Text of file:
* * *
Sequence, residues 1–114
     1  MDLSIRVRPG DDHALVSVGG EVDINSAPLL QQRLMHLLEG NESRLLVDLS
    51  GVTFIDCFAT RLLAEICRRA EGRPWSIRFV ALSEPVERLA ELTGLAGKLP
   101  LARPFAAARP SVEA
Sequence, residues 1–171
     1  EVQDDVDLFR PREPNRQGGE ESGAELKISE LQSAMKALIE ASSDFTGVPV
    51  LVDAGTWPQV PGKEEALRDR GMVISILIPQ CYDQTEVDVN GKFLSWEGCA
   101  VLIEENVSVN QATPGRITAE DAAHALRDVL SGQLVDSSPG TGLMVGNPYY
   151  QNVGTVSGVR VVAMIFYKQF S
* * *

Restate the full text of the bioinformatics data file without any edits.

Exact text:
Sequence, residues 1–114
     1  MDLSIRVRPG DDHALVSVGG EVDINSAPLL QQRLMHLLEG NESRLLVDLS
    51  GVTFIDCFAT RLLAEICRRA EGRPWSIRFV ALSEPVERLA ELTGLAGKLP
   101  LARPFAAARP SVEA
Sequence, residues 1–171
     1  EVQDDVDLFR PREPNRQGGE ESGAELKISE LQSAMKALIE ASSDFTGVPV
    51  LVDAGTWPQV PGKEEALRDR GMVISILIPQ CYDQTEVDVN GKFLSWEGCA
   101  VLIEENVSVN QATPGRITAE DAAHALRDVL SGQLVDSSPG TGLMVGNPYY
   151  QNVGTVSGVR VVAMIFYKQF S